He knows the studies showing that students spend less time than ever on their classwork, and he writes of an implicit pact between undergraduates and professors in which teachers give high grades and thin assignments, and students reward them with positive evaluations. After all, given all the other amenities available through the university, the idea that “the courses you take should be the primary objective of going to college is tacitly considered absurd.”
After describing this unhappy shift, Mr. Edmundson’s remaining essays are devoted to “fellow students” and “fellow teachers.” He’s hard on both groups, but underneath the curmudgeonly rhetoric he is desperate to remind them of why real learning and teaching aren’t so much luxuries as necessities.
Mr. Edmundson strives to read and teach the authors who inspire him with what he calls “humane sensitivity.” “The battle is to make such writers one’s own, to winnow them out and to find their essential truths,” he says. He went to college to see if there were possibilities beyond what others had defined as his limits. You sense that he still goes to the classroom each semester seeking new possibilities — for his students and for himself.
Much of “Why Teach?” concerns the impediments to this search. Under the guise of practicality, universities and their “customers” now stress that education should provide a return on investment. They speak of excellence and innovation, and what they really mean is money and notoriety. They talk of a well-rounded learning experience, and what they really mean is checking off boxes denoting that you’ve taken required courses that weren’t too challenging. Mr. Edmundson contends that the “corporate university” has abdicated its mission to confront our prejudices and conventions while inspiring our passions and talents.
He fervently advocates for the transformative power of a true education because he experienced it firsthand. In high school, he cared about football and rock ’n’ roll more than about literature until he was stirred by great teaching and “The Autobiography of Malcolm X.” “I think that the highest objective for someone trying to provide a literary education to students is to make such moments of transformation possible,” he writes.
This “highest objective” is also extraordinarily fulfilling. “Teachers who have been moved by great works have been moved to pass the gift on,” he says, with a nod to Wordsworth and Coleridge — and to all professors who introduce students to books that have changed their own lives. Art inspires us; teaching changes us.
Mr. Edmundson worries that too many professors have lost the courage of their own passions, depriving their students of the fire of inspiration. Why teach? Because great professors can “crack the shell of convention,” shining a light on a life’s different prospects. They never aim at conversion, only at what Emerson called “aversion” — bucking conformity so as to discover possibility.
Despite the forces arrayed against them, in the next few weeks, students across the country will find their way to professors like Mr. Edmundson, teachers eager to continue the fight for real education. I wouldn’t bet against them.Continue reading the main story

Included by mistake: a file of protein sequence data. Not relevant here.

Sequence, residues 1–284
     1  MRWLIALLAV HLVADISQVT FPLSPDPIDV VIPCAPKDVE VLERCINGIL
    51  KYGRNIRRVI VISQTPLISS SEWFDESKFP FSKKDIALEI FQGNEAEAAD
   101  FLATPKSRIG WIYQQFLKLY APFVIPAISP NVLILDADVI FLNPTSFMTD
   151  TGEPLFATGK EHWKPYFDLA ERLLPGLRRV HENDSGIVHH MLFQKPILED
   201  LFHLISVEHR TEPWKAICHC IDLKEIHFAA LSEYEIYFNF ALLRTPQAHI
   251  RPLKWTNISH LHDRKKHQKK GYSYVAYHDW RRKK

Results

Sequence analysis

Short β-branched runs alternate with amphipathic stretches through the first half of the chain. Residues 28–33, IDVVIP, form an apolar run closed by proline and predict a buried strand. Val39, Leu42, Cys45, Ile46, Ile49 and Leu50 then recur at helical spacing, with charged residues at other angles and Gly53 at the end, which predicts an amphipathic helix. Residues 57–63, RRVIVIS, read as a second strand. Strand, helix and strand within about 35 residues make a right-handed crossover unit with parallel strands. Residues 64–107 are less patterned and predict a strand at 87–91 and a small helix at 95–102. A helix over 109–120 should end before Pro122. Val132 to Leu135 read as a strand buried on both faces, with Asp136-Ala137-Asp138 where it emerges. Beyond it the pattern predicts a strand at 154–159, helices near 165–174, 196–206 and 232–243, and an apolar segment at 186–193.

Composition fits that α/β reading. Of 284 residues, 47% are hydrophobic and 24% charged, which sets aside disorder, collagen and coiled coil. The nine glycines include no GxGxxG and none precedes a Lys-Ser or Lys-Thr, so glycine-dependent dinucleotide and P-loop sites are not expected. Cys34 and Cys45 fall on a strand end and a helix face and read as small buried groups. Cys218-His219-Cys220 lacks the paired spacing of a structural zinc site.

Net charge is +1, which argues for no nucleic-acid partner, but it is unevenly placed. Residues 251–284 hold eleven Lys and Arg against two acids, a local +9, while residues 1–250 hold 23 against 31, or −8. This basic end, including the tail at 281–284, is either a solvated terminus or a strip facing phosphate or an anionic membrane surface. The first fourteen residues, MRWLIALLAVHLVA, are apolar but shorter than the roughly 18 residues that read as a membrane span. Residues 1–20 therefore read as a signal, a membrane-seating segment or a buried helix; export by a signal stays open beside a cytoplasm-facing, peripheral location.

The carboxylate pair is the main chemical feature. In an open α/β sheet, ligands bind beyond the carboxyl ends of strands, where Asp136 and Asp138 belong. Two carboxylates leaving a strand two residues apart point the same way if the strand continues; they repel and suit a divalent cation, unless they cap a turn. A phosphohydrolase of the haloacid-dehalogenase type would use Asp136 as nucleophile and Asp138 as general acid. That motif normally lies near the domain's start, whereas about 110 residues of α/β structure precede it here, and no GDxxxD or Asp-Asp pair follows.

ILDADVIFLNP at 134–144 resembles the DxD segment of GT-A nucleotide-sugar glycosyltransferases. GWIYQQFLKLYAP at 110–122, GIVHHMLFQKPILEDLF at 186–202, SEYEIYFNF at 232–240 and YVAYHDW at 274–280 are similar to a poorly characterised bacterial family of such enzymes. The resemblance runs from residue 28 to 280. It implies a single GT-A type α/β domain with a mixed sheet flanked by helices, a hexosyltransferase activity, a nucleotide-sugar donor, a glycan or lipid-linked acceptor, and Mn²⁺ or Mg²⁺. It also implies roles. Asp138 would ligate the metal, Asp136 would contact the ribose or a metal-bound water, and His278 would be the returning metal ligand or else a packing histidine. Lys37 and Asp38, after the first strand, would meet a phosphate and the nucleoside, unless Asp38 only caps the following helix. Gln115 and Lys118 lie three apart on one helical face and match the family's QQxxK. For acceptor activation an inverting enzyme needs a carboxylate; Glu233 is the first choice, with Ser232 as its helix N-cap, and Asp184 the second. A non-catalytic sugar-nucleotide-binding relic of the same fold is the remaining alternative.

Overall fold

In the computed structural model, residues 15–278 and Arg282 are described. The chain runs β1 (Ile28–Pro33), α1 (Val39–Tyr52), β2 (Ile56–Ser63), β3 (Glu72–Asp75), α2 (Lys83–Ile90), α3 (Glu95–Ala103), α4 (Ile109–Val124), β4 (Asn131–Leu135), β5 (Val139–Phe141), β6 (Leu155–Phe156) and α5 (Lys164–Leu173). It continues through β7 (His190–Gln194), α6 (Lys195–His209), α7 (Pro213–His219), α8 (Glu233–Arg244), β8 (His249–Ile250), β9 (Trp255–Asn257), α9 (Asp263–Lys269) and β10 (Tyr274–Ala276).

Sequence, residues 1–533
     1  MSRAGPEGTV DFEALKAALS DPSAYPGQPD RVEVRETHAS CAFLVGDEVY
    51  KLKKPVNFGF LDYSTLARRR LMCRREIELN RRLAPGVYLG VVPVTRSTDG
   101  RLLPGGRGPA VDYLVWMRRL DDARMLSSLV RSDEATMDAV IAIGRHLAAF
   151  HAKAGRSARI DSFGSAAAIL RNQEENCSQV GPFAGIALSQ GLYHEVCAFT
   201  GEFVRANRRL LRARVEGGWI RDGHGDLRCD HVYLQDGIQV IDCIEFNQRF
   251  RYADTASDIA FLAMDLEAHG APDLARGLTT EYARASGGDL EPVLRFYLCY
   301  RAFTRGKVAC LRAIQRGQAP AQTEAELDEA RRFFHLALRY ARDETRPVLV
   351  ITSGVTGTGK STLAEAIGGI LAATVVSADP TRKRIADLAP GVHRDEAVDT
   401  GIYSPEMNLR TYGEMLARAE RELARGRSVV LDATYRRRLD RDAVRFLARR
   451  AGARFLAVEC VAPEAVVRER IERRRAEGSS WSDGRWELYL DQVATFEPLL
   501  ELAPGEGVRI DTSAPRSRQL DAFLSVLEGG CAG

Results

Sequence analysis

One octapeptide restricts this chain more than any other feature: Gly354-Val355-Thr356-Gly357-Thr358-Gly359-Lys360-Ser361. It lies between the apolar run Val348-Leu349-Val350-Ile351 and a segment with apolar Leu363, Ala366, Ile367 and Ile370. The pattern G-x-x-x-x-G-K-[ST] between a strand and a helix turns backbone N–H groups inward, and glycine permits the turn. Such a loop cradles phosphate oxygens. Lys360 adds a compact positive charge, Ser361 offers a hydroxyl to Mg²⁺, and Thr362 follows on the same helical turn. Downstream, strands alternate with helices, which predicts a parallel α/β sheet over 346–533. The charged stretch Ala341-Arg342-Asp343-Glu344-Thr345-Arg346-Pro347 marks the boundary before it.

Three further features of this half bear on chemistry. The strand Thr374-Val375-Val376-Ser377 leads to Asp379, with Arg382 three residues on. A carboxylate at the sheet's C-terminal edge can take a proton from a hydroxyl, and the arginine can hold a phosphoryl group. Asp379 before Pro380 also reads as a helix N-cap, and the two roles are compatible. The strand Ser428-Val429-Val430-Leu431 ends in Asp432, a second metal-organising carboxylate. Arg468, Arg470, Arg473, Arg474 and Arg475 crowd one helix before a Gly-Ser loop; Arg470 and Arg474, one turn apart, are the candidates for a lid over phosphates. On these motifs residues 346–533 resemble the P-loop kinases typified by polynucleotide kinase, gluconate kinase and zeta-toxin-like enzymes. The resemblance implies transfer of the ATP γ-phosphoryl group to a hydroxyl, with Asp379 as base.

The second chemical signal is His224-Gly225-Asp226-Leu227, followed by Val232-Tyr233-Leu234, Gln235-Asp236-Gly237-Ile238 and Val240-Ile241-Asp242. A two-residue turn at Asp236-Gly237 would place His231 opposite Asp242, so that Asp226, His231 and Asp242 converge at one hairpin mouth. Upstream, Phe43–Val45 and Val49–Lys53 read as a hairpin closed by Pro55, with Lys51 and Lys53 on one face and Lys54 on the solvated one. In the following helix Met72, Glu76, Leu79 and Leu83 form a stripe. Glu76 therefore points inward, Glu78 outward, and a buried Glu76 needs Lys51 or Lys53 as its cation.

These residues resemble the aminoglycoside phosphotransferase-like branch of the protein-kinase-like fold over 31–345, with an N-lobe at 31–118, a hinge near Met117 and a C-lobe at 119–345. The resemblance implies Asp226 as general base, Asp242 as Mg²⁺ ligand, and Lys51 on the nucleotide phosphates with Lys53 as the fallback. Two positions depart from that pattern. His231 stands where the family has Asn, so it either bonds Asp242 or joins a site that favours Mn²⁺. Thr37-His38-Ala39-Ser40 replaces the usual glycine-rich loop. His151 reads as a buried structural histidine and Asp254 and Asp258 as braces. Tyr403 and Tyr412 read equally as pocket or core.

In Defense of a Real Education
By Mark Edmundson
222 pages. Bloomsbury. $24.
Why I Want to be a Teacher Essay
1161 Words5 Pages
Why I Want to be a Teacher
School is a major part of our young lives. It is where we spend the majority of our time as youngsters. Children begin to develop relationships with people who have not been apart of their infancy. For someone who does not enjoy school, this could put a damper on their relationships with others as well as their learning achievements in life. This is why I want to become a teacher. I want to develop a learning atmosphere where children feel joy and security.
I believe that enjoying and feeling that one belongs is an important part of education. Yes, I used the word that makes some people shiver when heard, education. Education is often viewed as an institution where children are…show more content…
Children are with teachers the majority of the day. Children are influenced by what they see and why they are around. Not only are they teaching them academics, but also manners, sportsmanship, and self worth. These are important factors that children need in everyday life. This is why a teacher’s job is so important. Most would say that teaching would be a hard job. But, I feel that it will be easy if you win your students over. I know that the rewards in the end will out weigh the cost. Watching a student master a new task is the reward I am after.
I have always enjoyed school. I enjoy learning new topics as well as helping others understand those topics. I want to teach children to take an interest in school even if it is in only one subject area. By getting them interested I hope to give them the reason they need to get up every morning and put an effort into what they do. The more a student puts into school, the more they will get out of it.
I have always wanted to be a parent. I am a newly wed and we plan to have children in the near future. I feel that I will be a great parent because I helped raise my two sisters so I have background with helping children and meeting their needs. As a future educator, I must convince students that I care. I plan to open new doors and introduce ideas that spark interest in their souls.
In high school I was forced to pick a major my ninth grade